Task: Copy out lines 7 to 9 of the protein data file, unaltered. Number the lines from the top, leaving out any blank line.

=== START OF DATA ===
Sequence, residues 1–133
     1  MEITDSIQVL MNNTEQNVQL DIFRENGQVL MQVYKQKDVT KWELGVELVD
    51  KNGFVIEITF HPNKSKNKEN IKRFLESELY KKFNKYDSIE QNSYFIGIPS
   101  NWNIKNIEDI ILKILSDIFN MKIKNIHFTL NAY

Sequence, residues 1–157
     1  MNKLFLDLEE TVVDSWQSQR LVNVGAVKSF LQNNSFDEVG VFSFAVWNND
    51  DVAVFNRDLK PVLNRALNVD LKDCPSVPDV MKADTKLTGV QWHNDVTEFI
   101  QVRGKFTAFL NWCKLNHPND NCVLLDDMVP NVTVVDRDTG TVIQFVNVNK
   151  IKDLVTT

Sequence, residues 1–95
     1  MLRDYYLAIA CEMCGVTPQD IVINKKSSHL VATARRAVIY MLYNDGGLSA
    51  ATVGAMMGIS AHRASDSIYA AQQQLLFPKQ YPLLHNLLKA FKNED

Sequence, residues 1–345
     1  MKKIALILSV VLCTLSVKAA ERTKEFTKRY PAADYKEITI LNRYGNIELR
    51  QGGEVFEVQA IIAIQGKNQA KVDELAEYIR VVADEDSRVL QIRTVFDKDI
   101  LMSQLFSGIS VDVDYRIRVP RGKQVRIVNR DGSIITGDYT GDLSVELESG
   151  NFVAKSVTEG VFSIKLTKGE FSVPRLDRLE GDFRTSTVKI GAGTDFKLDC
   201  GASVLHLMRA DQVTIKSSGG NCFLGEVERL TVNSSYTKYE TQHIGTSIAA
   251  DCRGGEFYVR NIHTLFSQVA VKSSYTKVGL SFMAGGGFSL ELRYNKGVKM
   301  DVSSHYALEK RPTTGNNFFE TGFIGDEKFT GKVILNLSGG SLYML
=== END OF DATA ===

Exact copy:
    51  DVAVFNRDLK PVLNRALNVD LKDCPSVPDV MKADTKLTGV QWHNDVTEFI
   101  QVRGKFTAFL NWCKLNHPND NCVLLDDMVP NVTVVDRDTG TVIQFVNVNK
   151  IKDLVTT